Transliteration is a type of conversion of a text from one script to another that involves swapping letters (thus trans- + liter-) in predictable ways (such as ? -> a, ? -> d, ? -> ch, ? -> n or æ -> e).
For instance, for the Modern Greek term " ?", which is usually translated as "Hellenic Republic", the usual transliteration to Latin script is "Ell?nik? D?mokratía", and the name for Russia in Cyrillic script, "", is usually transliterated as "Rossiya".
Transliteration is not primarily concerned with representing the sounds of the original but rather with representing the characters, ideally accurately and unambiguously. Thus, in the above example, is transliterated as 'll', but pronounced /l/; ? is transliterated as 'D', but pronounced /ð/; and ? is transliterated as '?', though it is pronounced /i/ (exactly like ?) and is not long.
Conversely, transcription notes the sounds but not necessarily the spelling. So " ?" could be transcribed as "elinikí ðimokratía", which does not specify which of the /i/ sounds are written as ? and which as ?.
Systematic transliteration is a mapping from one system of writing into another, typically grapheme to grapheme. Most transliteration systems are one-to-one, so a reader who knows the system can reconstruct the original spelling.
Transliteration is opposed to transcription, which maps the sounds of one language into a writing system. Still, most systems of transliteration map the letters of the source script to letters pronounced similarly in the target script, for some specific pair of source and target language. If the relations between letters and sounds are similar in both languages, a transliteration may be very close to a transcription. In practice, there are some mixed transliteration/transcription systems that transliterate a part of the original script and transcribe the rest.
For many script pairs, there is one or more standard transliteration systems. However, unsystematic transliteration is common.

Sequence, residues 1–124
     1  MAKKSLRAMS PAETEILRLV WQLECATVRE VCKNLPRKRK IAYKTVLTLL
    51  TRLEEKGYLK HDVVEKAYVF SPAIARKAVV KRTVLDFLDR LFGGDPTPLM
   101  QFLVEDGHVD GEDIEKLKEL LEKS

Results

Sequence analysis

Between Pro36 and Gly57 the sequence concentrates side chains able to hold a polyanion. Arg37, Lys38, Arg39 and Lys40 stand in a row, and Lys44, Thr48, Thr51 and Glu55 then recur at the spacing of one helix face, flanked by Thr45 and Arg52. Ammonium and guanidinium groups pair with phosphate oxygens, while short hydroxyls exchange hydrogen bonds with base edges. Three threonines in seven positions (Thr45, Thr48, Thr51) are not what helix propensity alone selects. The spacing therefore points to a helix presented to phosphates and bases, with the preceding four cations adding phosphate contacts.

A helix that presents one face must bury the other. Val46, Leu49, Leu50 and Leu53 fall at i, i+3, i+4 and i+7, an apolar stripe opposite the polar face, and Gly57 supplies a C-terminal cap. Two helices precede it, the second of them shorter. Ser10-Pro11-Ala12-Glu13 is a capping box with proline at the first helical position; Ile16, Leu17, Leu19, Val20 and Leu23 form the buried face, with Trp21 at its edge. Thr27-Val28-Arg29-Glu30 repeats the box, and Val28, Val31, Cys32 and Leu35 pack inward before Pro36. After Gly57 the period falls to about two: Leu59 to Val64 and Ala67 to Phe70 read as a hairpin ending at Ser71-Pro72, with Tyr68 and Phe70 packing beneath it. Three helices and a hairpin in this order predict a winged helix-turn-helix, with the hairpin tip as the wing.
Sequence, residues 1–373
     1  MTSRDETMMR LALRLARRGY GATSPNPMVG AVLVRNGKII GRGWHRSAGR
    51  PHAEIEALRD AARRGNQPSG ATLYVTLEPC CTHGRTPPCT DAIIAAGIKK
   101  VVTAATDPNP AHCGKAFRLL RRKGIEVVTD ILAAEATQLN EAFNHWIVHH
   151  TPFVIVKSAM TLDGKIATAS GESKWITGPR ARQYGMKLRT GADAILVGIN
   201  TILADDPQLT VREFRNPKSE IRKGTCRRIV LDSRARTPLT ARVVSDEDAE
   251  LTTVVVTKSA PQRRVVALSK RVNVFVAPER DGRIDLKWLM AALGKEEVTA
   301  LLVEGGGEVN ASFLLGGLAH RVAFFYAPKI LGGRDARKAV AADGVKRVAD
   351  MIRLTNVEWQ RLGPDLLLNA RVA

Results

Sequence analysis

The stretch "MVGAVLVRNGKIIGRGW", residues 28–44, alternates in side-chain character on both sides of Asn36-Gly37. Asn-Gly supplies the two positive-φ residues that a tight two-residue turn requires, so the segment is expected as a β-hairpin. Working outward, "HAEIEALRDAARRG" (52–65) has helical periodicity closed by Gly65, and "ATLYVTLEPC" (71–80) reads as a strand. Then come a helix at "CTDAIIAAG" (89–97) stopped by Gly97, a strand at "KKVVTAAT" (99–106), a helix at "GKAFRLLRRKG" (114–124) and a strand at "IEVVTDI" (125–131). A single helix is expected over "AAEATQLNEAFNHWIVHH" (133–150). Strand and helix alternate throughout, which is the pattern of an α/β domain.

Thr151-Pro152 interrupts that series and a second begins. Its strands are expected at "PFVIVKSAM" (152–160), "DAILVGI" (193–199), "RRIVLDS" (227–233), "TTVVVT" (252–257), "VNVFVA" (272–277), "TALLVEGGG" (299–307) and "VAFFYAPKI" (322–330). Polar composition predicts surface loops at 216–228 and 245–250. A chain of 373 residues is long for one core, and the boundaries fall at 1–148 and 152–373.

In Modern Greek (and since the Roman Imperial period), the letters <?> <?> <?> and the letter combinations <> <o?> <> are pronounced [i] (except when pronounced as semivowels), and a modern transcription renders them all as <i>; but a transliteration distinguishes them, for example by transliterating to <?> <i> <y> and <ei> <oi> <yi>. (As the ancient pronunciation of <?> was [?:], it is often transliterated as an <e> with a macron, even for modern texts.) On the other hand, <> is sometimes pronounced [ev] and sometimes [ef], depending on the following sound. A transcription distinguishes them, but this is no requirement for a transliteration. The initial letter 'h' reflecting the historical rough breathing in words such as Ell?nik? should logically be omitted in transcription from Koine Greek on, and from transliteration from 1982 on, but it is nonetheless frequently encountered.
|Greek word||Transliteration||Transcription||English translation|
|?||Ell?nik? D?mokratia||Elinikí Dhimokratía||Hellenic Republic|
|?||t?n ui?n||ton ion||of the sons|
A simple example of difficulties in transliteration is the voiceless uvular plosive used in Arabic and other languages. It is pronounced approximately like English [k], except that the tongue makes contact not on the soft palate but on the uvula. Pronunciation varies between different languages, and different dialects of the same language. The consonant is sometimes transliterated into "g", sometimes "k", and sometimes "q" in English. Another example is the Russian letter "?" (kha). It is pronounced as the voiceless velar fricative /x/, like the Scottish pronunciation of ⟨ch⟩ in "loch". This sound is not present in most forms of English, and is often transliterated as "kh", as in Nikita Khrushchev. Many languages have phonemic sounds, such as click consonants, which are quite unlike any phoneme in the language into which they are being transliterated.
Some languages and scripts present particular difficulties to transcribers. These are discussed on separate pages.